Know what you’re dealing with
Blackheads are a bit different from the typical red bump that comes to mind when you think of acne. When a pore or hair follicle fills with debris or dead skin cells then gets open to skin, a blackhead forms. “It turns black because it’s exposed to oxygen and oxidizes,” says board-certified dermatologist Sandra “Dr. Pimple Popper” Lee, MD
. Those clogged pores
make a cozy home for bacteria, which is why blackheads tend to lead to more acne. (Learn Dr. Pimple Popper's best advice for fighting red bumps
Step away from the harsh scrubs
Scrub hard enough and you can rub the gunk right out of your pores, right? Not so fast. Because the dark spots you see are clogged pores, a basic wash to do much good. “You can’t scrub them off,” says Dr. Lee. In fact, exfoliating mistakes
like scrubbing too hard could just irritate the area and make the problem worse.
Try a chemical peel
For an exfoliant that does work, try cleanser with salicylic acid. “It crystalizes and is small enough to settle in pores and prevent the formation of new blackheads,” says Dr. Lee. Unlike an rough scrub, it will get rid of pore-clogging dead skin cells without being too abrasive. Learn more about chemical peels
before you try one.
Reach for retinoids
You might already use retinoids to fight wrinkles
, but a medication with the vitamin A derivative could also banish blackheads. Prescription retinoids like tretinoin, encourage cell turnover and exfoliate the skin to clear out those clogged pores. Even OTC retinols like adapalene can do the trick against blackheads, says Dr. Lee. “They soften the ones that exist now and prevent the formation of new ones,” she says.
Skip the benzoyl peroxide
The products that work so well against red bumps won’t necessarily do much good against blackheads. Because benzoyl is anti-bacterial, you might want a different product if dark spots are your main concern. “It’s more effective or useful for people with red bumps or pustules where there’s bacteria,” says Dr. Lee. Check out more ways to get rid of acne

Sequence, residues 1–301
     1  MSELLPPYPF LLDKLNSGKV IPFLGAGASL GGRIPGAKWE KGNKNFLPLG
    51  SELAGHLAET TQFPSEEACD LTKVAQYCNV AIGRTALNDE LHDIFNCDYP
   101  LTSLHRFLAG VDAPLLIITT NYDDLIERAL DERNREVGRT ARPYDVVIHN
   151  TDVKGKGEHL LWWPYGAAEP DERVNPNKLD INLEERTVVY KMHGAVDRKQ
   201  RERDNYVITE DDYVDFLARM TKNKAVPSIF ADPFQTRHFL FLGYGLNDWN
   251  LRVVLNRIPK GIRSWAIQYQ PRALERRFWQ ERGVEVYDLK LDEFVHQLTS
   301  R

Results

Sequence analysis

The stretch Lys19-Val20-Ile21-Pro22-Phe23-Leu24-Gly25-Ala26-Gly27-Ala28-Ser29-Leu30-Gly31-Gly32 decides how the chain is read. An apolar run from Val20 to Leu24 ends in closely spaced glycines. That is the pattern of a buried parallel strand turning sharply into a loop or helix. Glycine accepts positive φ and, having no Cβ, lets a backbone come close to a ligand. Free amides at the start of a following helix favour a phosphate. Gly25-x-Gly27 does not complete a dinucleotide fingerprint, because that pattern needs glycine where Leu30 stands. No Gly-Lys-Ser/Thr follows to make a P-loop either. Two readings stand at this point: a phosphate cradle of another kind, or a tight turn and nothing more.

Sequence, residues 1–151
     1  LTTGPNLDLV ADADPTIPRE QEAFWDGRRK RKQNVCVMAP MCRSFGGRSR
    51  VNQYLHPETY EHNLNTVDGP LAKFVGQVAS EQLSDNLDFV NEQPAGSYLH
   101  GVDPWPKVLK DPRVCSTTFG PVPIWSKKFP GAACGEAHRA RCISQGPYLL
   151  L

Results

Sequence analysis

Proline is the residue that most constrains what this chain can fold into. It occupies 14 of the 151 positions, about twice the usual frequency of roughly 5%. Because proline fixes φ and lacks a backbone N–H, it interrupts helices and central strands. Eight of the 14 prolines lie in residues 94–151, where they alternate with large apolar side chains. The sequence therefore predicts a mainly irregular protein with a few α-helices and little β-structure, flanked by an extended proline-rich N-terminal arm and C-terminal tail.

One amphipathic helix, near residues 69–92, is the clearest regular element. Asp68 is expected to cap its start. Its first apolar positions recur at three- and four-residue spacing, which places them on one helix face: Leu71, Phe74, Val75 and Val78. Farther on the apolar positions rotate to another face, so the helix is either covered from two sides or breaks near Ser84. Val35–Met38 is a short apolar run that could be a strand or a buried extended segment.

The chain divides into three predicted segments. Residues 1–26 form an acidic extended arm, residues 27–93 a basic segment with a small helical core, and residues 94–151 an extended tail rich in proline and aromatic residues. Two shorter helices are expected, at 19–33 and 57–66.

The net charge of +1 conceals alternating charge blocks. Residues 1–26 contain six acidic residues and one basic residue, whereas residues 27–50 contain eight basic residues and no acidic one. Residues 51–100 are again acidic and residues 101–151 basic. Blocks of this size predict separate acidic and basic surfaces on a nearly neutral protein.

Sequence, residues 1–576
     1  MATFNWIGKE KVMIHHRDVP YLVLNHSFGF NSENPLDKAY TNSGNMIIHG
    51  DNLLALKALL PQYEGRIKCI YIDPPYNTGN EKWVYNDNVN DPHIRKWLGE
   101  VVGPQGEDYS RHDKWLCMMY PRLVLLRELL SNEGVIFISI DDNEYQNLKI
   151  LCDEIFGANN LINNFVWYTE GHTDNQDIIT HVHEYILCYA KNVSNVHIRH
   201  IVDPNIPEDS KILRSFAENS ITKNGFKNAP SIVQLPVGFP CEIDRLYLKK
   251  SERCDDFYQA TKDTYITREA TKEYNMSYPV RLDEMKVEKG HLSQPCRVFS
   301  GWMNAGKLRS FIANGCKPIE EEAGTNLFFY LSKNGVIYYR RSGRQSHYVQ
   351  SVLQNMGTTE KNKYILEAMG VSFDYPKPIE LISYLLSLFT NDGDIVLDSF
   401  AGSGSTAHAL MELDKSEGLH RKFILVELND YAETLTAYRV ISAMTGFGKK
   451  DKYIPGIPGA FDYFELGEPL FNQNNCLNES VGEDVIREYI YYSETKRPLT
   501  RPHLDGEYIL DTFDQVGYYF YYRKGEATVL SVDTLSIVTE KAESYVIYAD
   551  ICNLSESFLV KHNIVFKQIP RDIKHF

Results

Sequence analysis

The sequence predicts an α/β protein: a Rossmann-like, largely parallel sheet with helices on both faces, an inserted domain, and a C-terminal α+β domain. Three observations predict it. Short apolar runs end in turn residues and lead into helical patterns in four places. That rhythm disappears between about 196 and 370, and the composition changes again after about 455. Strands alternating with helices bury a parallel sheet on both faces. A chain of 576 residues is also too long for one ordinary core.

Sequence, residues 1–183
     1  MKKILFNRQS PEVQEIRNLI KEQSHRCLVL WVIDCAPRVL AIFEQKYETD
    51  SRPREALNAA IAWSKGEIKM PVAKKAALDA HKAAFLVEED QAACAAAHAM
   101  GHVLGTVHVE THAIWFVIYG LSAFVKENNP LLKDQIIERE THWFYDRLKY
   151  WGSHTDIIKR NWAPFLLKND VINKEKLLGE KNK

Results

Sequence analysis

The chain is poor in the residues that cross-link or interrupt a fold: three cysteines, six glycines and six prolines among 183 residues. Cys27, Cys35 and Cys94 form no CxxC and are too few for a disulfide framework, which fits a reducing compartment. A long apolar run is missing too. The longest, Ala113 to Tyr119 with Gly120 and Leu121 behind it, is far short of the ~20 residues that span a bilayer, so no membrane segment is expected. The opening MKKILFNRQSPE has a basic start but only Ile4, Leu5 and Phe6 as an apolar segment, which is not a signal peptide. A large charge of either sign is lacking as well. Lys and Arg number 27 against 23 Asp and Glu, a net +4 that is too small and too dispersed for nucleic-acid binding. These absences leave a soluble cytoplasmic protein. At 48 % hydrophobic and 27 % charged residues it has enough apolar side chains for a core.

Prep your face before trying a mask
Those black suction masks might work against blackheads, but they also take those fine hairs on your face off with them. “It’s like you’re waxing hair off your face,” says Dr. Lee. “That’s really painful.” If you do choose to use one, try lightly shaving any little hairs off first, she says. Find out other great face masks for your skin type
Start with a clean slate
Extracting a blackhead is an effective way to get rid of it, but don’t jump in without a few precautions. Make sure to wash your face, hands, and any tools you plan to use so you don’t end up spreading even more bacteria, says Dr. Lee. Learn more about popping a pimple
the right way.
Don’t start poking and prodding at blackheads with a dry face. “If something is dried up, it’s going to be harder to extract and you’ll create more trauma,” says Dr. Lee. Take a warm shower to let the steam soften the area, she recommends. Find out the healthiest temperature
for your everyday shower.
Don’t be one-sided
When removing blackheads, Dr. Lee likes to use a comedone extractor with a loop-shaped end, rather than an open hook. “I can put pressure in almost a 360-degree direction around a pimple or blackhead,” she says. By wiggling from all directions instead of pulling and dragging from one side, the loop is less likely to scratch your skin.
Prep your fingers
In general, try to use an extractor tool instead of your hands—the metal is easier to sterilize, and you can see what you’re doing better, says Dr. Lee. Still, using your fingers can work in a pinch. Make it more effective by rubbing clean fingertips with a tissue first to get better traction, says Dr. Lee. Learn more acne treatments
dermatologists use on themselves.